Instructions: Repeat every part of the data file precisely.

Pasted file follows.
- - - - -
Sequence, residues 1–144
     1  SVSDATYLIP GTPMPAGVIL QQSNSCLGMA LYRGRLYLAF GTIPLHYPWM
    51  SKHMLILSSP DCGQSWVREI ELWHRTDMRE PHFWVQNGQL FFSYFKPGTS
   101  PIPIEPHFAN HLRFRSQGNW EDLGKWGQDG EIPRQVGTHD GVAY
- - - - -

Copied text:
Sequence, residues 1–144
     1  SVSDATYLIP GTPMPAGVIL QQSNSCLGMA LYRGRLYLAF GTIPLHYPWM
    51  SKHMLILSSP DCGQSWVREI ELWHRTDMRE PHFWVQNGQL FFSYFKPGTS
   101  PIPIEPHFAN HLRFRSQGNW EDLGKWGQDG EIPRQVGTHD GVAY